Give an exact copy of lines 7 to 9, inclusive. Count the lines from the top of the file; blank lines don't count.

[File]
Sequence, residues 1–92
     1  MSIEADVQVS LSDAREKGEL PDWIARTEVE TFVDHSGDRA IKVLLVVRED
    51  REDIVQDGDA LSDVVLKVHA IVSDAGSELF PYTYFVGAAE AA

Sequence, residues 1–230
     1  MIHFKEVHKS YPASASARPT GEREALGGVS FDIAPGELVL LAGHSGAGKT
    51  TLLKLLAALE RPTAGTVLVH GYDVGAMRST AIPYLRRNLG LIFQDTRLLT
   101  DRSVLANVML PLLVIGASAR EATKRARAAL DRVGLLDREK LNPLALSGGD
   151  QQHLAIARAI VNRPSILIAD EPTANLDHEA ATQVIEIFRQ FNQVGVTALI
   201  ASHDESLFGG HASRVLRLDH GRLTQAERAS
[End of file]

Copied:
   101  DRSVLANVML PLLVIGASAR EATKRARAAL DRVGLLDREK LNPLALSGGD
   151  QQHLAIARAI VNRPSILIAD EPTANLDHEA ATQVIEIFRQ FNQVGVTALI
   201  ASHDESLFGG HASRVLRLDH GRLTQAERAS